The Person in Hebrew Scriptures
It is now widely agreed that the predominant understanding
of the human being in the Hebrew scriptures is holistic and nonreductive
physicalist. Jewish scholar Neil Gillman writes:
Biblical anthropology knows nothing of this dualistic picture
of a person which claims that a human being is a composite of
two entities, a material body and a spiritual or non-material
soul. . . .
The [Hebrew] Bible, in contrast, portrays each human as a
single entity, clothed in clay-like flesh which is animated or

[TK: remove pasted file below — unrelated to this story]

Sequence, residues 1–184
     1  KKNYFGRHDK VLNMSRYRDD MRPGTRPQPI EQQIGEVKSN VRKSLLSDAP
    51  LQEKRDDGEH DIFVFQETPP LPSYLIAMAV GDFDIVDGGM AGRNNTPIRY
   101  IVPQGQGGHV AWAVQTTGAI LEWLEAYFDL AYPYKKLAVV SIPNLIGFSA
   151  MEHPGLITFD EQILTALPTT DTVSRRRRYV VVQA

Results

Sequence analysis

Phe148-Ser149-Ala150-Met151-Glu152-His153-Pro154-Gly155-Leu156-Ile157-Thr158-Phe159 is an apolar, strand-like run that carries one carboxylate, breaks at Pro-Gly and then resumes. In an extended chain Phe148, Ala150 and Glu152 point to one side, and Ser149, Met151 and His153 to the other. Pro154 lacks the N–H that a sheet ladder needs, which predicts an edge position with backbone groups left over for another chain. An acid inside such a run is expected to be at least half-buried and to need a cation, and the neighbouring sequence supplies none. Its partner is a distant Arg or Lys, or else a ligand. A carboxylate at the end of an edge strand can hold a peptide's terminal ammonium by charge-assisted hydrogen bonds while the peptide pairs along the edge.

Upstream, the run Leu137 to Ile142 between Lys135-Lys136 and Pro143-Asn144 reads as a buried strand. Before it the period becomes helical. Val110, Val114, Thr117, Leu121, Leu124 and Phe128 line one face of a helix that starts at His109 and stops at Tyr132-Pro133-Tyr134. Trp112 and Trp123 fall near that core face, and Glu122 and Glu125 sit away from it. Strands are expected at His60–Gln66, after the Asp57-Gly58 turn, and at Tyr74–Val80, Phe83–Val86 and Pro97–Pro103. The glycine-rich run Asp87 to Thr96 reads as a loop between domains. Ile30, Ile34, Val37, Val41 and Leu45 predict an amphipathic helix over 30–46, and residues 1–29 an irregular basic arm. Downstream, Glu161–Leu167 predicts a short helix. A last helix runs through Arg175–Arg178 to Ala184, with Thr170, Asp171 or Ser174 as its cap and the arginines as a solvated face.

vivified by a life-giving spark or impulse variously called ruah,
nefesh, neshamah, or nishmat hayyim. . . .
In the later tradition, these terms came to be understood
as synonymous with the Greek "soul." But this identification
is not in the Bible.
For example, nefesh first meant neck or throat; by extension
it signified a living being. Neshamah and ruah both
mean breath or wind. Since death is the going out of the breath,
it was possible to identify "something that goes out when
one dies" with Plato's soul.
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| Contributed by: Dr. Nancey Murphy